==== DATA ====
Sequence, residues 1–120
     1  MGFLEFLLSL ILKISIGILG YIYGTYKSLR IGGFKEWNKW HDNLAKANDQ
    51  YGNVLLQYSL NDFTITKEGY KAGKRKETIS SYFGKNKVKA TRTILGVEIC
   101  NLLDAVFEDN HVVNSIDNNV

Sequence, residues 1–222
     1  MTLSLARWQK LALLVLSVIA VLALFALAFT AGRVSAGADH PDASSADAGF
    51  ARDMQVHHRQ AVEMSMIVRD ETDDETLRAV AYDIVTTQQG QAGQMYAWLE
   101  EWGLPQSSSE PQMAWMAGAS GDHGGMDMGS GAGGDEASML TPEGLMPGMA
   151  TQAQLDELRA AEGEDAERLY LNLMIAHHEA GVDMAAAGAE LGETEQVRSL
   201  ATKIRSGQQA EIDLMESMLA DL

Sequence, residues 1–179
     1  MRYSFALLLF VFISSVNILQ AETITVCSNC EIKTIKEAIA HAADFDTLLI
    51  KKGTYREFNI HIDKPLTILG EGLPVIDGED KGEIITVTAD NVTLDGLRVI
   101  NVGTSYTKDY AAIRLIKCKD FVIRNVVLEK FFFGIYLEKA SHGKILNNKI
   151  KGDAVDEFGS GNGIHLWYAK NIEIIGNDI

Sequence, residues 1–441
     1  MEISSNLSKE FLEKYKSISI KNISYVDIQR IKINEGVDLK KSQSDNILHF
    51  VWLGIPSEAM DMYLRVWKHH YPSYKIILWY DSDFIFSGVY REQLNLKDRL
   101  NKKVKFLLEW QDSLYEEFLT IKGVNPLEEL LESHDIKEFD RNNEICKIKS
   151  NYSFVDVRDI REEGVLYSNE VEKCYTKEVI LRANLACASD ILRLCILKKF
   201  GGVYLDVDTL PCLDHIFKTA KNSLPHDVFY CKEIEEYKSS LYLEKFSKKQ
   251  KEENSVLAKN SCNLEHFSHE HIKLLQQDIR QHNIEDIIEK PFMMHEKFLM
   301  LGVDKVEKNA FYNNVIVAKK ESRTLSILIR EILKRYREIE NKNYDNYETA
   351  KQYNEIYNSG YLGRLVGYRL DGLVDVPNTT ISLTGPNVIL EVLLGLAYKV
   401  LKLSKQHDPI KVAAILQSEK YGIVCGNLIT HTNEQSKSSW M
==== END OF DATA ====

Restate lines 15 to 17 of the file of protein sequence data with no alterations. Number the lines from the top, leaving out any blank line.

   151  KGDAVDEFGS GNGIHLWYAK NIEIIGNDI

Sequence, residues 1–441
     1  MEISSNLSKE FLEKYKSISI KNISYVDIQR IKINEGVDLK KSQSDNILHF